The twilight closers: UH baseball launches into postseason play
They are 13 altogether, combing for 41 wins, 15 saves, 366 strikeouts and an a combined earned run average of 2.04. If sports writing is given to applying metaphor-based nicknames to groups of players that overachieve, the elite prowess of the UH pitching staff seems too overly impressive to be burdened by clumsy wordplay.
For their accomplishments, the most amusing stemmed from the preseason usage of the term ‘question mark’ given to describe the fact that several of the new additions had negligible or no Division 1 experience.
“Coming into it, not a whole lot of people had faith in us,” said junior reliever Jared Robinson. “But we came on strong and just played our game and it all worked out.”
Robinson, a transfer from Midland Junior College unique for his best pitch, a “knuckle-split finger-changeup thing,” and for being voted Most Likely to Become a Millionaire by his high school classmates, put together a 4-1 record and a 1.74 ERA out of the bullpen.
Robinson’s teammates in the bullpen, a small legion of men who sit patiently until needed, have put together 15 wins, a testament to their timing, effective pitching and the UH offense’s propensity to score in the twilight of games.
“We like to make it close. Reason we’re called the ‘Cardiac Coogs’. It makes it interesting, that’s for sure. It’s a little nerve-racking at times, but whether you’re up by 80 runs or one run, you try and make your pitch every time,” Robinson said.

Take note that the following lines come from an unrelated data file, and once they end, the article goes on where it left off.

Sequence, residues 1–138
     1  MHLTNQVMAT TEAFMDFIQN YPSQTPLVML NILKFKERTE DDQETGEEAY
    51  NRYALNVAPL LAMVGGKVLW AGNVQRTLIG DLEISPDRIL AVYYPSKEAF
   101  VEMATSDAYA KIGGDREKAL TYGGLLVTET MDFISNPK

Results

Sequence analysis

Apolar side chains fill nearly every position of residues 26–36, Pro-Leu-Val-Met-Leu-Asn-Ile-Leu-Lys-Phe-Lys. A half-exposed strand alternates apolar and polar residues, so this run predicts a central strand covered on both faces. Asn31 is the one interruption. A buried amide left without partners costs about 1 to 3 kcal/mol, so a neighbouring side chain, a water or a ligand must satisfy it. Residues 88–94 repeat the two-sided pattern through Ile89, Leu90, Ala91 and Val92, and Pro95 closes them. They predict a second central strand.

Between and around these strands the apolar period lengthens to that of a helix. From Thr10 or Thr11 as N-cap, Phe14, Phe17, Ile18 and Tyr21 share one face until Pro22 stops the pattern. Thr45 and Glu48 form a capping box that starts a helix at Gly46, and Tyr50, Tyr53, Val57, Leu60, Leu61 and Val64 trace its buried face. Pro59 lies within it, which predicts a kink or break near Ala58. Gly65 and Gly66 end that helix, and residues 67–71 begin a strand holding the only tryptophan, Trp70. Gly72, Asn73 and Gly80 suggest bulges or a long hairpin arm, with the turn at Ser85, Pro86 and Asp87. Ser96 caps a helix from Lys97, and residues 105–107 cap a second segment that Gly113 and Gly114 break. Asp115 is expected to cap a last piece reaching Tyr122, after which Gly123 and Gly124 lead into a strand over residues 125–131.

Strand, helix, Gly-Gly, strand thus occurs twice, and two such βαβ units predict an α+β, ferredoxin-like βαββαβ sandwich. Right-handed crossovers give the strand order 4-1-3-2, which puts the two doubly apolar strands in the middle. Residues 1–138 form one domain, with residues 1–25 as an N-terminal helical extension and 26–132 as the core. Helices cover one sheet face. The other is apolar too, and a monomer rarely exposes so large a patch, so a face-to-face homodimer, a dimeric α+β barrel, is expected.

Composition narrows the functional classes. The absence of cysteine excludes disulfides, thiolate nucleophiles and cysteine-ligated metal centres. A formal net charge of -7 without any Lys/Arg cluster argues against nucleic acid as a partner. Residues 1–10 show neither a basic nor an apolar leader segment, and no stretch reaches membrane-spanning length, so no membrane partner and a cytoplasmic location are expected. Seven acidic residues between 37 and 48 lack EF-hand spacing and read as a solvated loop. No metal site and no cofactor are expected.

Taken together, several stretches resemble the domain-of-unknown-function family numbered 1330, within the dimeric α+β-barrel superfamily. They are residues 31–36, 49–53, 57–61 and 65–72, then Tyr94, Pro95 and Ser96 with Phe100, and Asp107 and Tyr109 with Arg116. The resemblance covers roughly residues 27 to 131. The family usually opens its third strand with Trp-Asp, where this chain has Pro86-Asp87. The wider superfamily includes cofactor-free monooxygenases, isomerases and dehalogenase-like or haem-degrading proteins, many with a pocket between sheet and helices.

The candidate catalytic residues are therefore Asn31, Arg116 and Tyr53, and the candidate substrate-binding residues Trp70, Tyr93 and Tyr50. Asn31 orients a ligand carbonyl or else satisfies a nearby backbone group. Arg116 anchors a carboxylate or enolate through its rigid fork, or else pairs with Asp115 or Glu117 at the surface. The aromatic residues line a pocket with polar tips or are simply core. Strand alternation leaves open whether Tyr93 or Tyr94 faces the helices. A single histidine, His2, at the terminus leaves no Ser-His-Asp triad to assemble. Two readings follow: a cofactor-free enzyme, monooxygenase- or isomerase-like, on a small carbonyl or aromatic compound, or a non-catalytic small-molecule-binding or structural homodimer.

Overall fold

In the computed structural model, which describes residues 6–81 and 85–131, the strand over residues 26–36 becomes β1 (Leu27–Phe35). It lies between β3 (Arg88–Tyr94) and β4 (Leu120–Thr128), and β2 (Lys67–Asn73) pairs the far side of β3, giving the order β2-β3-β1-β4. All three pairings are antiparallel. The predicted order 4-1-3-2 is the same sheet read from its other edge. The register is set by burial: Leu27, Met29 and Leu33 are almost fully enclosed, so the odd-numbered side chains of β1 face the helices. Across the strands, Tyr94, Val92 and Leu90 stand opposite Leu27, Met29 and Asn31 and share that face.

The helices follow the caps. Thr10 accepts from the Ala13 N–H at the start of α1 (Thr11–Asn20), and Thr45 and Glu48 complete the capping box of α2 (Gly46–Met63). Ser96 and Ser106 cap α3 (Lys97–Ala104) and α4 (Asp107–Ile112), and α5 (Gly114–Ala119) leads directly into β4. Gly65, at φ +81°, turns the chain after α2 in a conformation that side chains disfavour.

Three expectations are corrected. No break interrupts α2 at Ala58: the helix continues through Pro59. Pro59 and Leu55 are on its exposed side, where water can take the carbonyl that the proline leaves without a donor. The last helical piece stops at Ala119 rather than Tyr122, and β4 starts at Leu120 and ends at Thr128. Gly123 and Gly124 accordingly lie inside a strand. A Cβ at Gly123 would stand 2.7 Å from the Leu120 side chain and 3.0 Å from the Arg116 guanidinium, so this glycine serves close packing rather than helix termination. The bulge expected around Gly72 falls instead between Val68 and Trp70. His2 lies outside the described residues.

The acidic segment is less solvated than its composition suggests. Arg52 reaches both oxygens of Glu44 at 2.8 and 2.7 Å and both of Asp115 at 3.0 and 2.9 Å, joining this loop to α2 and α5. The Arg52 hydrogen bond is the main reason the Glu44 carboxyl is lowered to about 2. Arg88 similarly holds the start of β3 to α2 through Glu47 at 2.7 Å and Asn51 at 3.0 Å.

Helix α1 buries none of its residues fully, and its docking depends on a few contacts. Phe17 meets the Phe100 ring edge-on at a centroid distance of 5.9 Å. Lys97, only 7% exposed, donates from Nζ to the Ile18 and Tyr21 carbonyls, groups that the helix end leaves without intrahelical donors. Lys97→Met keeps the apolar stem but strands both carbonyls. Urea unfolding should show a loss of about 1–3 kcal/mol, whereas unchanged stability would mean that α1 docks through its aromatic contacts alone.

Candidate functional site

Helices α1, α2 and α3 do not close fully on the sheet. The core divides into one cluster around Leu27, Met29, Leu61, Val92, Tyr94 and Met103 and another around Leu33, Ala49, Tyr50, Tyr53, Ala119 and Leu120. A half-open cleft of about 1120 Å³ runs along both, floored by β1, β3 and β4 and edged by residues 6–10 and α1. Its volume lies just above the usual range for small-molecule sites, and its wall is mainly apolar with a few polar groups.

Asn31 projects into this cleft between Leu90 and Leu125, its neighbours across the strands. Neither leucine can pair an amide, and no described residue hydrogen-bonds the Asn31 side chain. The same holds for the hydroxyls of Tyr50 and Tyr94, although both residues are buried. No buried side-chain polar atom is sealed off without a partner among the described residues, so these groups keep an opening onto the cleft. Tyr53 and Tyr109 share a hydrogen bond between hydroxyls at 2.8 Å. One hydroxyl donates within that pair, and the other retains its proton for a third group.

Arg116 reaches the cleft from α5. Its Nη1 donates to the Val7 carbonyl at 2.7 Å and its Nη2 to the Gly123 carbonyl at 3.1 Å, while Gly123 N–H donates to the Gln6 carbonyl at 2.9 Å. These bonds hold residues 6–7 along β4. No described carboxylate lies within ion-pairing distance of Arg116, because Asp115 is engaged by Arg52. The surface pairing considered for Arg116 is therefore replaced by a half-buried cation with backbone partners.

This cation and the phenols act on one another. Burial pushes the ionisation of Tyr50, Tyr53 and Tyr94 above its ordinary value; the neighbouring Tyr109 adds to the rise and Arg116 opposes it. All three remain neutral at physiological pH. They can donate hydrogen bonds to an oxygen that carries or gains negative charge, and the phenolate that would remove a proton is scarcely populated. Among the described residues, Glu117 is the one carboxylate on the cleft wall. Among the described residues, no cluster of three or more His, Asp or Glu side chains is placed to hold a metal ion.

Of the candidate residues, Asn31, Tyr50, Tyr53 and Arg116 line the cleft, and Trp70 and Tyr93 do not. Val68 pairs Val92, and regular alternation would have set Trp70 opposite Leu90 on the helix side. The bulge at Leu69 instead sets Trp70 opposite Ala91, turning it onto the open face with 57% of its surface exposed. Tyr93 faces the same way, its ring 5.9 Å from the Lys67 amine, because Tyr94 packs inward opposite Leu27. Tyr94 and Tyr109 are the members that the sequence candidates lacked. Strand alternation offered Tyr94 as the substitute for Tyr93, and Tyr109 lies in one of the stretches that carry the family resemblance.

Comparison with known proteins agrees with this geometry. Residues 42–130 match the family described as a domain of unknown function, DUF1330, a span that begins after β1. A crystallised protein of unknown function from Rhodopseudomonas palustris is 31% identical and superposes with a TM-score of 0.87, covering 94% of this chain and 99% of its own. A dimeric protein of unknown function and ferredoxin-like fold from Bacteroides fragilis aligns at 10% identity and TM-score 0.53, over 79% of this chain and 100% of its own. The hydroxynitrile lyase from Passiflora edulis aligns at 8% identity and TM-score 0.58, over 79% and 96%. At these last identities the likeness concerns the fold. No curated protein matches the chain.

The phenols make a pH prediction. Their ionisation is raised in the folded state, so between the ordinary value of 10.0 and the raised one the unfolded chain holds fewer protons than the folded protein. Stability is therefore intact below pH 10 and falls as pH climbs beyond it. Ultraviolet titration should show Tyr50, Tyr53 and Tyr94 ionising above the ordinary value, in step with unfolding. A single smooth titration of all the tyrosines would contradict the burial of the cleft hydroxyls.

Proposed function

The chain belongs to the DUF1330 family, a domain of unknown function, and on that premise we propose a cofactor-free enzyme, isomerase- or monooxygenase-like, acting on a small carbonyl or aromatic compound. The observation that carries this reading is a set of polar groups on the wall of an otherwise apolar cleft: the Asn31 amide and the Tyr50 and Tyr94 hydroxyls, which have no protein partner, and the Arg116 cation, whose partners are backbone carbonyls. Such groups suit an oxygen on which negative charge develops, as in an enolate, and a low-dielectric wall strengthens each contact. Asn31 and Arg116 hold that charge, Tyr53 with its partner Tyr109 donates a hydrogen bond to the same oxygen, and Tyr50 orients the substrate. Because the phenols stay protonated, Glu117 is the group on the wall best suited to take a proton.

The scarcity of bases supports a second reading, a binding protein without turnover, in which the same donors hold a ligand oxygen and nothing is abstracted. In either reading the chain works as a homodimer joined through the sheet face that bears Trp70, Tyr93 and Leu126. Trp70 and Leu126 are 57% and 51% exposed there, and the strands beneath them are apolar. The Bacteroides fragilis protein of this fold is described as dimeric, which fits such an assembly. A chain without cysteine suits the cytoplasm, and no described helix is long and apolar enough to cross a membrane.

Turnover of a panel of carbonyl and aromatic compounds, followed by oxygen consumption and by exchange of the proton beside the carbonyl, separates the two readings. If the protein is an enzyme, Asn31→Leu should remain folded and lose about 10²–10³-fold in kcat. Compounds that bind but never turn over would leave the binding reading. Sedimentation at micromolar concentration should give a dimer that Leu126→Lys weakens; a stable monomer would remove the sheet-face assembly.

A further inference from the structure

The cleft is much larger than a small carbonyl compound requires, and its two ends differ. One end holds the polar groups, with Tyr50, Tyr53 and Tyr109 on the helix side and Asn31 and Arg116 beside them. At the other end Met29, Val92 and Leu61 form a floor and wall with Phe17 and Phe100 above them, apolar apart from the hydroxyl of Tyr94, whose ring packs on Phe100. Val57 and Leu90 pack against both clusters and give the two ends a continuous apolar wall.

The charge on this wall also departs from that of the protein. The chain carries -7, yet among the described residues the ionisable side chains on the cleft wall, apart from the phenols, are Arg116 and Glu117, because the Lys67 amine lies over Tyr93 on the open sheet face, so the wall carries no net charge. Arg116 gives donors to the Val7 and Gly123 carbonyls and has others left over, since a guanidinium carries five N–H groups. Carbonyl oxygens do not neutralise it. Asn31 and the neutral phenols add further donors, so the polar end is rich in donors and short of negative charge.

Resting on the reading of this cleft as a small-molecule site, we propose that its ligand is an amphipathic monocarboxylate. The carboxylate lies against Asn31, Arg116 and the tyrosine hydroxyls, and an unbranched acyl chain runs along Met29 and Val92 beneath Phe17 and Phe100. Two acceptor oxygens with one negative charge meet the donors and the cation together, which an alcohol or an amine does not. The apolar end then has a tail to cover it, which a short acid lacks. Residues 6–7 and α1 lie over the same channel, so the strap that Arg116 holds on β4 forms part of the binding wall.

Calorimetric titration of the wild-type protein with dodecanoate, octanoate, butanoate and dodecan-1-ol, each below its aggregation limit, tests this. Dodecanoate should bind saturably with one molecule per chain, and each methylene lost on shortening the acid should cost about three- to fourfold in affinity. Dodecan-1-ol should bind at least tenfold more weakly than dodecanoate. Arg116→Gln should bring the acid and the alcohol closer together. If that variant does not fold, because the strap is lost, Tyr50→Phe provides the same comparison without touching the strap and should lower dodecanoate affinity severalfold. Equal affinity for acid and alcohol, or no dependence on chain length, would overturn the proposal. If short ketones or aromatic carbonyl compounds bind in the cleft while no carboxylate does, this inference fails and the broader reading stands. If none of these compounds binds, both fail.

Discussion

In a tournament that tends to favor a select number of teams, outsider teams can balance the game with elements like, in UH’s case, a dominant bullpen.
“I think our pitching staff is as good as any in the country,” said UH head coach Todd Whitting. “When we go out and perform and do what we do, I think we would stack up well against anyone.”
This endorsement, from a baseball lifer like Whitting, has proven to be, from a psychological perspective, something the pitching staff has relied on.
“It definitely shows that coach Whitting has extreme confidence in us and that we have confidence in ourselves,” said senior right-handed closer Chase Wellbrock.
“I think we’re probably one of the best, if not the best, pitching staffs. Not just on paper or in stats, but in how we perform. We feel that confident that we can perform at that level.”
Wellbrock, who holds the UH record for lifetime saves, has made a quality habit of preserving leads for the UH starters like junior Aaron Garza and sophomore Jake Lemoine, who are 7-4 and 6-5 respectively. Freshman Andrew Lantrip and sophomore Jared West, two relative unknowns before the season started, have combined for seven wins against only two losses, with Lantrip being undefeated.
The 13 mounds men, for the lifespan of UH’s continuing crusade for playing time in Omaha, Nebraska, will be the ones who go out and, by their right and left arms, try and advance their team through the collegiate landscape, with the campaign starting in the Sunshine State.